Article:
Exactly how high Yair Rodriguez will climb in the featherweight division remains to be seen.
But the 23-year-old proved one thing in his latest performance — he can definitely keep up a pace for 25 minutes.
Rodriguez (9-1) improved to 5-0 in the UFC on Saturday, defeating Alex Caceres via split decision in the main event of UFC Fight Night at Vivint Smart Home Arena in Salt Lake City. Two judges scoring the featherweight bout had it 48-47 in favor of Rodriguez, and the third somehow saw it 49-46 for Caceres. ESPN.com scored it 49-46, Rodriguez.
Known for an ultra-aggressive, flashy style, Rodriguez lived up to his reputation. In his first five-round bout — which also took place at high elevation — Rodriguez attempted 431 total strikes according to Fightmetric, 101 of them in the final round. Caceres, by comparison, attempted 246.
“This was a great experience for me,” Rodriguez said. “It was a good opportunity for me to see where I’m at in my division. My cardio and technique could go for five rounds.”
A former winner of “The Ultimate Fighter” reality series, Rodriguez flew across the cage at Caceres for the majority of the opening two rounds. He launched into spinning wheel kicks, flying knees, backfists, heel kicks to the legs. In the second round, he threw four or five roundhouse right kicks to the body that appeared to stun Caceres a bit.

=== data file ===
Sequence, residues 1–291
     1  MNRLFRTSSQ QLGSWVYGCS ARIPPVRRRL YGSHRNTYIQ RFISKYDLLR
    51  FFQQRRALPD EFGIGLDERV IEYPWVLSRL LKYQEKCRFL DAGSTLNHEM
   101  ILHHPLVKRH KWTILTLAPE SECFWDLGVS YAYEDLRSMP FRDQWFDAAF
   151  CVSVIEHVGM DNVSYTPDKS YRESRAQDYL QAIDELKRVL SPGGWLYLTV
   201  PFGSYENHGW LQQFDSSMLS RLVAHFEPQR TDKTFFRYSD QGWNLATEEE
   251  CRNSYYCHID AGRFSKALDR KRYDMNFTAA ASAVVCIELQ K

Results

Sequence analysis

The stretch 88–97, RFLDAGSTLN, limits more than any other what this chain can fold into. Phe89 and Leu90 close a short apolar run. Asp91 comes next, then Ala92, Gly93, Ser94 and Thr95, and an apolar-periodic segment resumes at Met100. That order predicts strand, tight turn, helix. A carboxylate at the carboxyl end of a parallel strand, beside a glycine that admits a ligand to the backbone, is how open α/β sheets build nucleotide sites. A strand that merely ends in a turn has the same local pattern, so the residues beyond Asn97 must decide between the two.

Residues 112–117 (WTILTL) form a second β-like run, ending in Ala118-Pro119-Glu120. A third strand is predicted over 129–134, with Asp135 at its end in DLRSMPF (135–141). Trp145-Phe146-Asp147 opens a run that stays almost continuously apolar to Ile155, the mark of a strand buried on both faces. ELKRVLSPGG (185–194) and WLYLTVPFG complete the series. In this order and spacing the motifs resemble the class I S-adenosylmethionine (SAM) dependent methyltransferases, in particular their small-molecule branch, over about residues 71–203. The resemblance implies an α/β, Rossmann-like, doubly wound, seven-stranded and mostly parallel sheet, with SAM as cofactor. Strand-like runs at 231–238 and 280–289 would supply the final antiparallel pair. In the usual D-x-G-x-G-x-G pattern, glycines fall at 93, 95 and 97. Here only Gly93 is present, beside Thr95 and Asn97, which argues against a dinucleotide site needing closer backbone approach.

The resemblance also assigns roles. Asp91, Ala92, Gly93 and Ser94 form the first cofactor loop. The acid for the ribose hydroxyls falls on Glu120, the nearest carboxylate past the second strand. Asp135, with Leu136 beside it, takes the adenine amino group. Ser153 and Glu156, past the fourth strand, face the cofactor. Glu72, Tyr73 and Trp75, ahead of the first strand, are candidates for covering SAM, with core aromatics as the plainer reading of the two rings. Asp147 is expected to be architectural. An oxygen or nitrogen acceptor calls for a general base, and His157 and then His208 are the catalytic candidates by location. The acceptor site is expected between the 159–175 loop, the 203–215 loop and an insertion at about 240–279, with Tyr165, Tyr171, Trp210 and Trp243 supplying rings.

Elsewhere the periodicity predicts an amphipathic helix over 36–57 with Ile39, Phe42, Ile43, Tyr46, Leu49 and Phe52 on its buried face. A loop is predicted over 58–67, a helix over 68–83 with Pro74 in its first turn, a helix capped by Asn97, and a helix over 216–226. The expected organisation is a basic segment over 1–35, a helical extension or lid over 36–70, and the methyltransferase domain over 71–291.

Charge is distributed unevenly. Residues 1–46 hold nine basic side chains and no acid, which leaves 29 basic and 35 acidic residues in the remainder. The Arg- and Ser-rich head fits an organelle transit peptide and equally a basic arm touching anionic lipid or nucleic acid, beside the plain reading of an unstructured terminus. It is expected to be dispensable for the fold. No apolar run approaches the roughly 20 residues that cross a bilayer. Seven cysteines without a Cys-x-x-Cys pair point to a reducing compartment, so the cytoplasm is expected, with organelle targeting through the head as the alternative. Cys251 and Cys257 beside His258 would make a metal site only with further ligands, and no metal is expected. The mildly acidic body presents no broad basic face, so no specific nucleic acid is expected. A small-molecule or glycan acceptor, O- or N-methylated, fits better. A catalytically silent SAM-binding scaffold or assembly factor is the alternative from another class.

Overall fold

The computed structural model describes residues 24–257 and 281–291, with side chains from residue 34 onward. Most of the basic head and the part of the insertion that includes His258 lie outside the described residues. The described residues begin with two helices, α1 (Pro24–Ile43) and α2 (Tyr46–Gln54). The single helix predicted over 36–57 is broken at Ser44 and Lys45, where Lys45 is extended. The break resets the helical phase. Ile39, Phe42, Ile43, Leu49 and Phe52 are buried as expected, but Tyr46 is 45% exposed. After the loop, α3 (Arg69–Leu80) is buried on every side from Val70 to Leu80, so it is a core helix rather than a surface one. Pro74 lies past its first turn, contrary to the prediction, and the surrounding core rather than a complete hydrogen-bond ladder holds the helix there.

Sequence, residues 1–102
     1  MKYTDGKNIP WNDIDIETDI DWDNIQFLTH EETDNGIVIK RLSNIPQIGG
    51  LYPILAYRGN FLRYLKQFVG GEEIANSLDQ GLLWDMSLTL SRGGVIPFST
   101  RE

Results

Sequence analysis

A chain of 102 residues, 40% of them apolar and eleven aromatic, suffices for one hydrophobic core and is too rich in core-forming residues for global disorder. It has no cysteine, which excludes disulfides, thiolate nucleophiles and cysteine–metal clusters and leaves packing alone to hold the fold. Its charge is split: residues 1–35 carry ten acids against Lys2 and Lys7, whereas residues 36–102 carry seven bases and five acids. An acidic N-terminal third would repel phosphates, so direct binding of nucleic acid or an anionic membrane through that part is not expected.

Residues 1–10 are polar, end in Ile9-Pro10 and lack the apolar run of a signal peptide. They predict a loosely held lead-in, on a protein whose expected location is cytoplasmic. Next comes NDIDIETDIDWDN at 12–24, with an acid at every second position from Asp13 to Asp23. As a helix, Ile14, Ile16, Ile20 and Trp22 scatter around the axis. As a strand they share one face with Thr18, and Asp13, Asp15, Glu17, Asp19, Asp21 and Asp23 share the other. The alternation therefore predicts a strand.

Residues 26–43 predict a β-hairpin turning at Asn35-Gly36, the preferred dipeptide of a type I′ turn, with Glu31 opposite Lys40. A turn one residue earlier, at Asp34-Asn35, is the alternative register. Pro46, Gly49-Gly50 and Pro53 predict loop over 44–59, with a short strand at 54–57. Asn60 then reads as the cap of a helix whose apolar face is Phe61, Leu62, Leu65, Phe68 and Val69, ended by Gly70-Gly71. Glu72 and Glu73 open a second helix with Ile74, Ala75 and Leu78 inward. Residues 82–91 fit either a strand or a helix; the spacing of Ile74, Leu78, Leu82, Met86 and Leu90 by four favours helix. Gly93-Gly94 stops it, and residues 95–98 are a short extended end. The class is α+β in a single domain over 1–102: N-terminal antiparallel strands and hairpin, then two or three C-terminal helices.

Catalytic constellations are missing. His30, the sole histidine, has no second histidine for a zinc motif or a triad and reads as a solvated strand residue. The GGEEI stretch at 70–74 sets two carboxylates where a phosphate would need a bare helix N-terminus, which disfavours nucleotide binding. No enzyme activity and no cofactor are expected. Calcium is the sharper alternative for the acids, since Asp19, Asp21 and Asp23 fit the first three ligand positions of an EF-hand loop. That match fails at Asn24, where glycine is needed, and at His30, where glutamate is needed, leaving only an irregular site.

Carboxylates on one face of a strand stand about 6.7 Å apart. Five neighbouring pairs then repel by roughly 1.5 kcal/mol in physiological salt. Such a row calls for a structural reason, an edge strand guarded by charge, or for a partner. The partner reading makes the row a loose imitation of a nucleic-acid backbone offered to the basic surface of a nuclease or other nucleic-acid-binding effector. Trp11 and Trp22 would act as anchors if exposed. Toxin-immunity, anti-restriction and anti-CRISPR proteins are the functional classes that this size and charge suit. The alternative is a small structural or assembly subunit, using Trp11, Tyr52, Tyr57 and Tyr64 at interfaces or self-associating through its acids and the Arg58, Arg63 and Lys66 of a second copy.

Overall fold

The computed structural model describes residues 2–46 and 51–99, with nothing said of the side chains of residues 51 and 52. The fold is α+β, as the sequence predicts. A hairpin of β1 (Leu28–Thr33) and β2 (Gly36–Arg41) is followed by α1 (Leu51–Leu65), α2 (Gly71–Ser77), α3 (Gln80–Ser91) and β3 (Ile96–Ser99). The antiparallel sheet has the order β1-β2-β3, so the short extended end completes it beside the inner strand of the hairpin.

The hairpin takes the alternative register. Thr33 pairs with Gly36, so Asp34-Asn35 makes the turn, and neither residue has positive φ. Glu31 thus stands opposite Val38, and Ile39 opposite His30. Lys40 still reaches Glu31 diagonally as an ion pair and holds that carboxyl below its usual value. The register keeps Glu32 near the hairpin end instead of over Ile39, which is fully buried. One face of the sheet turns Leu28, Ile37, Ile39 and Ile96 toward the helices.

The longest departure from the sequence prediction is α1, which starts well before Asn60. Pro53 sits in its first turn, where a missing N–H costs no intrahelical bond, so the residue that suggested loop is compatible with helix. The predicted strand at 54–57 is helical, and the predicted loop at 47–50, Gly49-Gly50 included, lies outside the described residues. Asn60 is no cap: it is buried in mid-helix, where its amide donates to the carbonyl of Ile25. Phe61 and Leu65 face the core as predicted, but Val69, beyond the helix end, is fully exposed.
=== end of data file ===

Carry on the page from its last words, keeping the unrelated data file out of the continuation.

In the third, his spinning attempts seemed to slow down, which opened the door for Caceres to land several hard counter shots. Caceres scored a knee to the body and won a scramble to spend some time in top position. He landed a hard right hand out of Rodriguez’s guard.
Originally from Chihuahua, Mexico, now fighting out of Chicago, Rodriguez reclaimed momentum in the fourth. The kicks to Caceres’ legs and body appeared to have a cumulative effect, as Caceres was slightly less mobile in the later rounds. Although Caceres answered at times with counter shots, Rodriguez’s volume stole the rounds.
Rodriguez is the most promising Mexican prospect on the UFC roster. Four of his five wins in the Octagon have come via decision, although he did score a spectacular head-kick finish against Andre Fili at UFC 197 in April.
“I don’t know man,” said Rodriguez, when asked whom he’d like to fight next. “That’s [UFC matchmaker] Sean Shelby and [UFC president] Dana White’s work. I’m going to let them pick my next opponent. I just have to be ready.”
Bermudez takes decision from Bezerra
Bezerra nearly came up with a comeback in the final two minutes, as he took Bermudez’s back and looked to sink a rear-naked choke. Bermudez remained calm and eventually escaped the position. It was really the only scary moment of the fight for Bermudez, who more or less dominated otherwise.
As usual, Bermudez used a high pace to wilt Bezerra early. He opened a cut on the Brazilian’s forehead in the opening round and kept a constant pressure on him from start to finish. Bezerra landed a handful of clean counter shot, but they were few and far between. Bermudez improves to 9-2 in his last 11.
Swanson gets the better of Kawajiri
Fighting out of Jackson-Wink MMA, Swanson surrendered several takedowns in the bout but showcased his exceptional scrambling ability. After giving up mount in the first round, Swanson reversed a takedown in the following frame and nearly submitted Kawajiri via rear-naked choke. He also landed an illegal knee to a downed opponent, but it was deemed accidental and referee John McCarthy did not take a point.
Both veterans landed good punches in the pocket, although it was Swanson usually getting the better of it. He wobbled Kawajiri with a left hook in the last round and repeatedly caught him with the lead right. The victory was Swanson’s second win in a row.